Suzuki GSX-1300R “Hayabusa” The Legend of Speed

The Suzuki Hayabusa (or GSX1300R) is a sport bike motorcycle made by Suzuki since 1999. It immediately won acclaim as the world’s fastest production motorcycle, with a top speed of 303 to 312 km/h (188 to 194 mph). 

In 2000, fears of a European regulatory backlash or import ban led to an informal agreement between the Japanese and European manufacturers to govern the top speed of their motorcycles at an arbitrary limit. The media-reported value for the speed agreement in miles per hour was consistently 186 mph, while in kilometers per hour it varied from 299 to 303 km/h, which is typical given unit conversion rounding errors. This figure may also be affected by a number of external factors, as can the power and torque values.

The conditions under which this limitation was adopted led to the 1999 Hayabusa’s title remaining, at least technically, unassailable, since no subsequent model could go faster without being tampered with. Thus, after the much anticipated Kawasaki Ninja ZX-12R of 2000 fell 6 km/h  short of claiming the title, the Hayabusa secured its place as the fastest standard production bike of the 20th century. This gives the unrestricted 1999 models even more cachet with collectors.

Besides its speed, the Hayabusa has been lauded by many reviewers for its all-round performance, in that it does not drastically compromise other qualities like handling, comfort, reliability, noise, fuel economy or price in pursuit of a single function.Jay Koblenz of Motorcycle Consumer News commented, “If you think the ability of a motorcycle to approach 190 mph or reach the quarter-mile in under 10 seconds is at best frivolous and at worst offensive, this still remains a motorcycle worthy of just consideration. The Hayabusa is Speed in all its glory. But Speed is not all the Hayabusa is.”

While the overall look would make the ’Busa fit in on the set of some futuristic movie, the features are based on contemporary, wind tunnel-tested engineering. The front fairing and windshield steer the air over and around the properly tucked-in rider. Laminar flow pulls the air across the rider’s back and over the tail hump to reincorporate without contributing to the drag-inducing slipstream behind the bike.
Unusual-looking reliefs in the tank and inner fairing allow the rider to pull his arms and legs into the bike, thus turning the rider’s body into a key component in the aerodynamic efficiency of the design. Elements within the leading edge of the fairing form a ram-air scoop that compresses the air in the intake – and increases volumetric efficiency – once you get the speed up to around 80+ mph. This feature alone tells me the factory left no opportunities on the table to increase performance.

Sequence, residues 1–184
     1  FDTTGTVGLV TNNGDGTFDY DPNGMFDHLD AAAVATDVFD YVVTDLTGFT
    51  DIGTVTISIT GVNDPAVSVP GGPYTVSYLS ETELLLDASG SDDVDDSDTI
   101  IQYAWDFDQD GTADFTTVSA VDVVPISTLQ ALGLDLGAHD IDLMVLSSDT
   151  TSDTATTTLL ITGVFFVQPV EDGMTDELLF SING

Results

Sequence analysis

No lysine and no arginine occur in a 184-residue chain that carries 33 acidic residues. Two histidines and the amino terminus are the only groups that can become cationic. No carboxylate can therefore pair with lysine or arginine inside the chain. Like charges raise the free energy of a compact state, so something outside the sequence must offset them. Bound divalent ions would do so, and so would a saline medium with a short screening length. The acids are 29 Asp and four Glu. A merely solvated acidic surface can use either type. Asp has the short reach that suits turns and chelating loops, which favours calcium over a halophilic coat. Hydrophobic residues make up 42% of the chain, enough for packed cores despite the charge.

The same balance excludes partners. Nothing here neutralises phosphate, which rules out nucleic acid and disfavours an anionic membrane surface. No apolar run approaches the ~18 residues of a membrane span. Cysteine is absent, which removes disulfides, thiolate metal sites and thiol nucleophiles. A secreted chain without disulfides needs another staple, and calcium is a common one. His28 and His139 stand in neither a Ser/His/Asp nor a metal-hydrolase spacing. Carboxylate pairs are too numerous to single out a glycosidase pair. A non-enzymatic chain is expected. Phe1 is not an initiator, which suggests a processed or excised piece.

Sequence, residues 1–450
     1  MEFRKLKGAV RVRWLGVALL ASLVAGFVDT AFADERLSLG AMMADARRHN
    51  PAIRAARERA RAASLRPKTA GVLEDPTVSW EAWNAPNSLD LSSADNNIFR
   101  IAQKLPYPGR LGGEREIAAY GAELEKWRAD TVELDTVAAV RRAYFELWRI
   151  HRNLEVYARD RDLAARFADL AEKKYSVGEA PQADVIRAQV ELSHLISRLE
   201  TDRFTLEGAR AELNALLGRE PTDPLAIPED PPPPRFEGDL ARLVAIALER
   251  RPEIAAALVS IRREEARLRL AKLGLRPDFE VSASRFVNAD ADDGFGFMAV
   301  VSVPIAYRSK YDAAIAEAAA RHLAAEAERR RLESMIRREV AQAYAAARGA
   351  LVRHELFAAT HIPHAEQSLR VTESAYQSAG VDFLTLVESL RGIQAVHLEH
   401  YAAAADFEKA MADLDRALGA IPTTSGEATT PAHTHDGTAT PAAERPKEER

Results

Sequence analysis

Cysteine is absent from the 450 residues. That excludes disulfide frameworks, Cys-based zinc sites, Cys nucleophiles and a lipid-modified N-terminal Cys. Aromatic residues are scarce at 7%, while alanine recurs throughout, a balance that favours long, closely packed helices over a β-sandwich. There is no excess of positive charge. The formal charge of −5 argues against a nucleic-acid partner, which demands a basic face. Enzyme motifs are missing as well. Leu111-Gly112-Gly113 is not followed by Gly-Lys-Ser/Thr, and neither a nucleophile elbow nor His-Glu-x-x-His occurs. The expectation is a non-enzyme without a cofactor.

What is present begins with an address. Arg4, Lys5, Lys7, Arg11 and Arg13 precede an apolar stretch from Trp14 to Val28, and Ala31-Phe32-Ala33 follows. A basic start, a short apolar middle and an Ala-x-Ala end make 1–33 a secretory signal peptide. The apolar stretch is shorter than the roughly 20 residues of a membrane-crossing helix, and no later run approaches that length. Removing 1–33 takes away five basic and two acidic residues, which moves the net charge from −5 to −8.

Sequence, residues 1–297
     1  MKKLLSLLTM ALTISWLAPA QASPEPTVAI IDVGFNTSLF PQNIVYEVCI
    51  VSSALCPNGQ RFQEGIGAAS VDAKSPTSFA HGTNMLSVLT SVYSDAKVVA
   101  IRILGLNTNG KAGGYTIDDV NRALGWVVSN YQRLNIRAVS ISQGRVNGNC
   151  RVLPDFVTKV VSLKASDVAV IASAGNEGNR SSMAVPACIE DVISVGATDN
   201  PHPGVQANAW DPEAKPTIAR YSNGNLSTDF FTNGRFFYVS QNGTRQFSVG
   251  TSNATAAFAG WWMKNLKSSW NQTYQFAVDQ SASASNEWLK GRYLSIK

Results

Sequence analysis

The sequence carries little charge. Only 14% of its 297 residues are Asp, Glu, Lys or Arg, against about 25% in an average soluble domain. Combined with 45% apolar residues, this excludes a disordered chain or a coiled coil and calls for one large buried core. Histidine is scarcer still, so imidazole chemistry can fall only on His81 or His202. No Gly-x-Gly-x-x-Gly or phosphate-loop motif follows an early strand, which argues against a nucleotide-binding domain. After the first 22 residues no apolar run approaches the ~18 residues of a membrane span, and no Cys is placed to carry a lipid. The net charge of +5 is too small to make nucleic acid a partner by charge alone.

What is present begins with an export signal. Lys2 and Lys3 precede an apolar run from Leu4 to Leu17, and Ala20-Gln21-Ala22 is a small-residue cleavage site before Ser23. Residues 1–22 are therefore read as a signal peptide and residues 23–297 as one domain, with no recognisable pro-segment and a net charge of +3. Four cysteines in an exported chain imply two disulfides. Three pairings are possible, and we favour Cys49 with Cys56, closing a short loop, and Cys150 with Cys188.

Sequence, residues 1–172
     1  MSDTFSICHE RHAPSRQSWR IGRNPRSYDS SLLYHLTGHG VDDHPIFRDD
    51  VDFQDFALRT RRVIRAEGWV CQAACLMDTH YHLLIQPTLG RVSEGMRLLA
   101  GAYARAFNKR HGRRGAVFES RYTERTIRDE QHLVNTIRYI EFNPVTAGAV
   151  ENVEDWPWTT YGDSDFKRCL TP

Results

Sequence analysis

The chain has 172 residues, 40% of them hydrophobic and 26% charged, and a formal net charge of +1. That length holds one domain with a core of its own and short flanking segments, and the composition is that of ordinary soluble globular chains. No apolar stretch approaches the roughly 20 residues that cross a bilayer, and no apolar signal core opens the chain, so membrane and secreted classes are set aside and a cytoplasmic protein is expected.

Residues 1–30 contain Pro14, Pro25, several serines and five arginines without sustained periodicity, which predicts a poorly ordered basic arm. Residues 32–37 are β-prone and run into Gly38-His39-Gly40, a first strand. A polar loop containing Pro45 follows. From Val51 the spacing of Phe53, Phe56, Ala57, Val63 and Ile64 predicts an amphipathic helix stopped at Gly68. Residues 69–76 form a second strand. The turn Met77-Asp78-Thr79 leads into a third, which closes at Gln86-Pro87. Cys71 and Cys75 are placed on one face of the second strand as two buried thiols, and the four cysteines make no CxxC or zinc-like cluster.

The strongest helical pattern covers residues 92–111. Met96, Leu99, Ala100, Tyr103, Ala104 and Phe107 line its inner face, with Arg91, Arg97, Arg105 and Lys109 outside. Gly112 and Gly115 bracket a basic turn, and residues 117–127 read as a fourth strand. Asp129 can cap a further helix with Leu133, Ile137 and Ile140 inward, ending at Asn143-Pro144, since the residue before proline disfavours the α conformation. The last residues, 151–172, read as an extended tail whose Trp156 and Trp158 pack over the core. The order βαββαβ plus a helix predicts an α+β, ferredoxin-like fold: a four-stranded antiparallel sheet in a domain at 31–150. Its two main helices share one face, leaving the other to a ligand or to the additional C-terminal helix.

In an effort not to lose any of their hard-won efficiency, the designers mounted the turn signals in faired-off cans, and used the taillight lens to complete the fairing over the trailing edge of the subframe. Unlike its Gixxer cousins, the Hayabusa is built for straightline speed and acceleration, not flicking into corners, so it’s a one-trick pony whose trick makes it the fastest production bike in the world in its time.
The four-cylinder, short-stroke, DOHC mill displaces a generous 1,340 cc and comes with some treasure hidden within. Cylinder bores come with the Suzuki Composite Electrochemical Material (SCEM) that works with the Physical Vapor Deposition (PVD) coating to reduce friction between these most-critical areas.

A 44 mm, twin-bore throttle body sports the Suzuki Dual Throttle Valve (SDTV) control that makes adjustments as needed for peak engine performance at the given throttle setting. The ride-by-wire system also comes with the Suzuki Drive Mode Selector (S-DMS) with preset engine maps that allow you to tune power delivery up or down as needed.

The engine meets emissions standards using the Suzuki Pulsed-secondary air-injection (PaIR) system and low-restriction catalyst in the exhaust. Since the rev limiter is designed to cut out at 186 mph with stock gearing, that number must stand as the top speed of the bike. (Not fast enough? Really? Really?) Not only is it fast, but quick too; it reportedly comes out of the hole like a scalded dog with a 9.7-second quarter-mile time at 148.8 mph, and leaps from 0 to 60 in a mere 2.6 seconds.

Power flows to the six-speed gearbox through the Suzuki Clutch assist System (SCaS) that limits back-torque and rear-wheel hops when you need to scrub off some speed in a hurry. 

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